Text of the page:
If you’d arrived in Melbourne in January, you’d have been forgiven for thinking the hospitality scene was in the grip of a Seinfeld-related mania. Australian digital media had barely caught a breath after working themselves into a lather over George’s Bar when they were doing it again as Larry David’s put a sign up in late January.
As with George’s, there’s no actual seminal US comedian behind this cafe. It’s just a couple of locals with solid hospitality backgrounds opening their first business – that happens to be named after the Seinfeld co-creator and Curb Your Enthusiasm creator and star.
“I think people took it way too seriously,” says co-owner Callum Linsell, smiling. “We have our name because we like Larry David. Emma [Davies, co-owner] used to manage Huxtaburger on Smith Street, and going back to Huxtable, they had a name inspired by a TV show, so there’s some inspiration there, but it’s not really referenced in the dining. We didn’t send out a media release or anything, we just put up the sign and took a few photos for Facebook. At the time we were just trying to get our food right and our coffee right.”
The man himself looms over the single room from a mural by local artist, Damian Cazaly. A battered Velvet Underground LP spins on a turntable by the door. The coffee is roasted locally by Atomica and the interesting 5 & Dime bagel menu is perfect for locals headed for a tram or train. Fillings include eggs Benedict, turkey, mushroom and a fantastic cayenne pepper-spiced haloumi with avocado salsa and sour cream. There are some inventive juices on offer, too, influenced by Linsell and Davies’ former employer, Transformer.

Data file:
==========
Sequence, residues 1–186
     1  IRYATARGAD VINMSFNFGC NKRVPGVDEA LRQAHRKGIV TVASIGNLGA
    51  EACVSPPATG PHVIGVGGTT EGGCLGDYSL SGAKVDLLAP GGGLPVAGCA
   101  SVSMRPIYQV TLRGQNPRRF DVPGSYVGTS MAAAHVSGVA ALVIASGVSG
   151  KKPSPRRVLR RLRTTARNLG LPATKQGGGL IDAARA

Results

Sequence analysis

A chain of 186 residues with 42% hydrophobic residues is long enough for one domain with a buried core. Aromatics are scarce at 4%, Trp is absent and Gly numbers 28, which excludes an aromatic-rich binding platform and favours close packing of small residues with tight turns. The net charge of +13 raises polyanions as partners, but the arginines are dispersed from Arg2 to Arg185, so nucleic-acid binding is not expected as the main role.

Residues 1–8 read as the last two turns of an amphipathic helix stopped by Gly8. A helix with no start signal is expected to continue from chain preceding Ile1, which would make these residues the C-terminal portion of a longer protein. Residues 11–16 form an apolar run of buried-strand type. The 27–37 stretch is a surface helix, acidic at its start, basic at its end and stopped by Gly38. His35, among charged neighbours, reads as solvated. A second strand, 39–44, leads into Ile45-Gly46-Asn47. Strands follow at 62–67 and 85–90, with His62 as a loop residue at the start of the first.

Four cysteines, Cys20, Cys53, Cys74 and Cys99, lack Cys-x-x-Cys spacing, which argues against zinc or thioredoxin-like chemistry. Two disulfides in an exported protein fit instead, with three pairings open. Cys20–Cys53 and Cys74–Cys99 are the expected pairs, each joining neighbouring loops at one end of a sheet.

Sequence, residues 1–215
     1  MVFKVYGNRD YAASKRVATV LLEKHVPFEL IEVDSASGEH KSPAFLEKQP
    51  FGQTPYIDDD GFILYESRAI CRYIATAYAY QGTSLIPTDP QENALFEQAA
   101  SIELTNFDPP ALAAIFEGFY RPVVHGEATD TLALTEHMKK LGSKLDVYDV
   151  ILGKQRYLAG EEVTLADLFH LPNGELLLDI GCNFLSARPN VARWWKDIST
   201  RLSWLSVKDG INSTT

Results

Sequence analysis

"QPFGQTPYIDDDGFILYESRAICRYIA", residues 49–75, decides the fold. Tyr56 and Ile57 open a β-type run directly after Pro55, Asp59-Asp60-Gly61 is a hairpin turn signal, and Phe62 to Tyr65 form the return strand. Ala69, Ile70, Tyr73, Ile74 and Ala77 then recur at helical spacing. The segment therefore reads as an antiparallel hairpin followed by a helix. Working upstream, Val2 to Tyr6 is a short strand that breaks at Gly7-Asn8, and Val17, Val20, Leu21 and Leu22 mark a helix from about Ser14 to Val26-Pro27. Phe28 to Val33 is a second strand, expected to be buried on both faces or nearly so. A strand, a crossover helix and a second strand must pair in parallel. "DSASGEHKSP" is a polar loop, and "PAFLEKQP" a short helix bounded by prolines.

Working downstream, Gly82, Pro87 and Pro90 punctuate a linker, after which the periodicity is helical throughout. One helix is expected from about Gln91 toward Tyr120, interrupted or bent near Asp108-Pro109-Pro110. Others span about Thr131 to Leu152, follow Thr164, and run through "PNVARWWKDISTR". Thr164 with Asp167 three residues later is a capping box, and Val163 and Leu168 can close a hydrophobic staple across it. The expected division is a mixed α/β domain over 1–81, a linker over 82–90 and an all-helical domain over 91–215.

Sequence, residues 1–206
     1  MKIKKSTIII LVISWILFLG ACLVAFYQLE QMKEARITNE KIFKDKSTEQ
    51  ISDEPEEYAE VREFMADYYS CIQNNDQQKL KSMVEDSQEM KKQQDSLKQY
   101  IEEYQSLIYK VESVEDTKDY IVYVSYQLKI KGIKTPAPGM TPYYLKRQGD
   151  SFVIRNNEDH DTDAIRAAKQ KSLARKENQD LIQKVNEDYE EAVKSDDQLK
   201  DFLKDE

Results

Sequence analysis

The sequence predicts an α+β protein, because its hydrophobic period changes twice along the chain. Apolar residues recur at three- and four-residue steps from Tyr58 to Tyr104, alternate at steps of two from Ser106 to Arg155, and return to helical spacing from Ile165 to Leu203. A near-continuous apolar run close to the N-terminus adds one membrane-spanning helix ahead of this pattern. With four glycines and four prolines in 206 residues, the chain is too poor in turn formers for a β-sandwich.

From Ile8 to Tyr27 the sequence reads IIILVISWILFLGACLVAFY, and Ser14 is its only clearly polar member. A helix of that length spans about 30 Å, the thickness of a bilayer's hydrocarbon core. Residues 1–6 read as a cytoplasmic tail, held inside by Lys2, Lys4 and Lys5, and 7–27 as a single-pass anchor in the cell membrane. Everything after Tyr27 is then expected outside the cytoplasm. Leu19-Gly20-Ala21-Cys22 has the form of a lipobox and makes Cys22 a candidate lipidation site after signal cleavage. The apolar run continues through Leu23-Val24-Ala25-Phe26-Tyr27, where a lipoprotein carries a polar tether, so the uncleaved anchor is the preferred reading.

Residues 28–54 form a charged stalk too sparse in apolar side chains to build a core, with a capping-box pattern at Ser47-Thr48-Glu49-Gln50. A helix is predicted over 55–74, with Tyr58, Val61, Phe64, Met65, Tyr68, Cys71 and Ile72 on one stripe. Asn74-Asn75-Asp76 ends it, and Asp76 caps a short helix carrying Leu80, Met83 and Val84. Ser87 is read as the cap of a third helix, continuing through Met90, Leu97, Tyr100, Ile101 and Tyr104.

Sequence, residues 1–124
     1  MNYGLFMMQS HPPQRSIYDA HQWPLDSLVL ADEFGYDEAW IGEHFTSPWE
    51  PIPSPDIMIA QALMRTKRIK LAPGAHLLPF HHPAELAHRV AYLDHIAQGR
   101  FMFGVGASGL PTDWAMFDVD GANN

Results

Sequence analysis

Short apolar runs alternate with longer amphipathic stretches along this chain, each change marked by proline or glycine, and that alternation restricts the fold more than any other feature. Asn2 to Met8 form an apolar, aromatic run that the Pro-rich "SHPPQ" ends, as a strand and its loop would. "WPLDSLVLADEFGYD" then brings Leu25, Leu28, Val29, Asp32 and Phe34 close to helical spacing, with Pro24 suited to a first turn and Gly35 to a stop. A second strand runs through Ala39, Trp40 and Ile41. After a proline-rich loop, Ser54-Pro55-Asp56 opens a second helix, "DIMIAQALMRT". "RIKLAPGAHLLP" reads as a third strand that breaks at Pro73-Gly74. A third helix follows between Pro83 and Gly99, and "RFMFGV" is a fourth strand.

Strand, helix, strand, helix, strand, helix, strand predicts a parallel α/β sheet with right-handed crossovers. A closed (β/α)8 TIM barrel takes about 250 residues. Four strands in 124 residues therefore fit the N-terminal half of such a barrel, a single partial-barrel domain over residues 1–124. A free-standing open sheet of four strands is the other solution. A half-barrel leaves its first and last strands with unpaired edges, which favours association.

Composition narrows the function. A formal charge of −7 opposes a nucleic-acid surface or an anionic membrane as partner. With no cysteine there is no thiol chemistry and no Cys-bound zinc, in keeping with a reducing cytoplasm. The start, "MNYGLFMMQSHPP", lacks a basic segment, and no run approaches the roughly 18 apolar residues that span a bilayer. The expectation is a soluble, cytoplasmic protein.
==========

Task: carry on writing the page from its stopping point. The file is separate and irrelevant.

For a while, it felt as if a new cafe opened in Thornbury every week, but Larry David’s, which sits at the bottom of a new apartment development on St George’s Road, has found a site without a noteworthy cafe for a kilometre in any direction.
“There’s nothing that great within a short walk, we definitely noticed that,” says Linsell. “Everyone who comes in has had to walk that extra distance to High Street in the past, so we’re really looking to serve the local community.
Going back to the name, he shrugs and says, “I really feel like all publicity is good publicity in the end. Hopefully it made us a bit more interesting. You have a name that might draw people in, but the food and the coffee is what has to keep them coming back.” And, perhaps, the napkins.
461 St Georges Road, Thornbury